It’s inevitable, the school speech language pathologist will have difficulty putting together a workable schedule. Some years it’s just more difficulty than others. We all know the obstacles we face (15 scheduling obstacles). I have a simple tip for those of you who feel completely overwhelmed. Ask for help.
One year I was working in 2 buildings and wasn’t very familiar with the overall school culture. We were packing 20 kids into 19.5 hours (I realize that is a luxury to some of you). The schedules were extremely different but most core classes were taught in the morning. It didn’t take me long to realize I didn’t want to waste extreme amounts of time and energy needed to create, recreate and then revamp a schedule that probably couldn’t work. In the mean time students were losing precious services.
I asked the program mangers in both buildings to sit down with me and help work out a schedule. I explained the issues I was dealing with and that I was not able to solve the problem on my own. When they arrived I was prepared with copies of schedules and templates in case they showed up empty handed.
We sat down for what they thought was going to be about a half hour and it took almost two hours to work then rework my schedule. In the end I had a schedule I could implement the next morning. One set of eyes wasn’t enough and I couldn’t identify all the conflicts not knowing the schools various routines and culture.
Did I feel like I couldn’t do my job on my own? No I also realized I was given almost impossible and unknown parameters to work with. Did it speed the process along? Sure did. Did it save grief and strife? Yes again. Did my program managers gain insight and understanding of the challenges I was facing? Not sure about that but I like to think I at least planted a seed.
If you feel like you are facing significant difficulty putting a schedule together either because of your numbers, severity of caseload or too many schedules to combine, ask for and if necessary insist on help. It’s the right thing to do. An extra set of eyes can never hurt. Your stress level will thank you.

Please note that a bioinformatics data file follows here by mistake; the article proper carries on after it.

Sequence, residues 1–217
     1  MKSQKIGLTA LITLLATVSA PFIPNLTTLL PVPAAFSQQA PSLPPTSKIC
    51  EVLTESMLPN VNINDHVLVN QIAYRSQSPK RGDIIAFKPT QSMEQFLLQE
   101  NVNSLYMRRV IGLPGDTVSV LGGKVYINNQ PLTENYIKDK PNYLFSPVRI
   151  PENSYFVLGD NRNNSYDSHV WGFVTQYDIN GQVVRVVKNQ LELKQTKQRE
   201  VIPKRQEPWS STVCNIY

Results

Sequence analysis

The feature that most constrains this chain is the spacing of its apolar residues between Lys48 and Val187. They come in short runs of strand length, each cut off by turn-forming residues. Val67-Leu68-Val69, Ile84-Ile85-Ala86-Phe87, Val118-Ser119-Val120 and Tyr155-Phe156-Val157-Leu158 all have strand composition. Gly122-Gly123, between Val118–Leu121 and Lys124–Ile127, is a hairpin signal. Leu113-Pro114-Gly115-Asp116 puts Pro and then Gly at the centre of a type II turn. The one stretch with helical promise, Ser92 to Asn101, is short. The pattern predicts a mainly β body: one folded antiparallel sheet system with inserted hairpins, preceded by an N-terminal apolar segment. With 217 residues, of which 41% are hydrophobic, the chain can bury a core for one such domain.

The beginning of the school year is always filled with excitement, anticipation and hope. It is rather nice to have a job the starts “fresh” every year. Schools look polished, organized and clutter free. The kids look happy, enthusiastic and clean. However, for therapists this feeling of euphoria is always short lived. First we see our numbers and our caseload. Usually we can deal with that by slowly chanting “it is what it is, it is what it is”. We start thinking of therapy ideas the minute we know who are students are. That’s truly one of the fun parts of the job.
Then comes the next step, da-da-da-dum………….working out a schedule. School Speech Language Pathologists are good at many things but we are experts in scheduling. There is no graduate course that prepares us for this task. They can’t teach a course on this because every school and every year the process is different. In fact, if they showed a scheduling process to speech language pathology graduate students most would choose to work somewhere other than a school. Scheduling for the Speech Language Pathologist is a self taught skill. It is also our most challenging task and the task that usually takes the longest.
A pallor actually falls over the room when we sit down to “work out” our schedule. Unless a therapist is extremely computer savvy, we sit with blank templates, a box of sharpened pencils and a large eraser. Depending on the school, we might be holding anywhere from 3-8 different schedules in our hands. We have to cross reference and cross check over and over again, shuffling 8×11 sheets of paper like they were playing cards. With any luck at all, the school has used colored paper to distinguish the different schedules but that’s a luxury afforded to only the most conscientious administrators (or their secretaries). Later on we acquire a clipboard and buzz around the school like bees going from flower to flower double checking everything, flipping through those schedules with speed and hopefully accuracy, making our first round of changes as we find conflicts.
How have School Speech Therapists developed such expertise in scheduling? Here are 15 obstacles the School Speech Therapists faces when scheduling. We work very stealth and few people realize or care about the challenges we face.
- We have to schedule anywhere from 30-80 students. First you have to figure out their needs, which students could possibly work together, which students can’t.
- Schools rarely keep a consistent or even similar schedule year after year so you have to get familiar with a new schedule.
- The school schedule itself may be a five, six or seven day rotation and you have an educational plan that says you have to see the student twice a week.
- The school schedule may “waterfall” meaning that the actually schedule will be different almost every day or every week. If you have to work in a “block schedule” format you might as well retire early.
- The administration when making the schedule gave no consideration to children who need to go out for services regular or special.
- Students in the same grade may not even be on the same schedule.
- If we have a place to work and service kids, it might only be available at certain times.
- We also may have to create a schedule for an assistant and find them a place to work.
- Team meetings and Special Education staff meetings are scheduled at the most inopportune times or worse yet randomly. You know students will miss services often if you put them in a particular slot but you have no choice.
- We often work in more than one building and have to accommodate each schedule.
- It’s actually worse when our buildings are on the same schedule.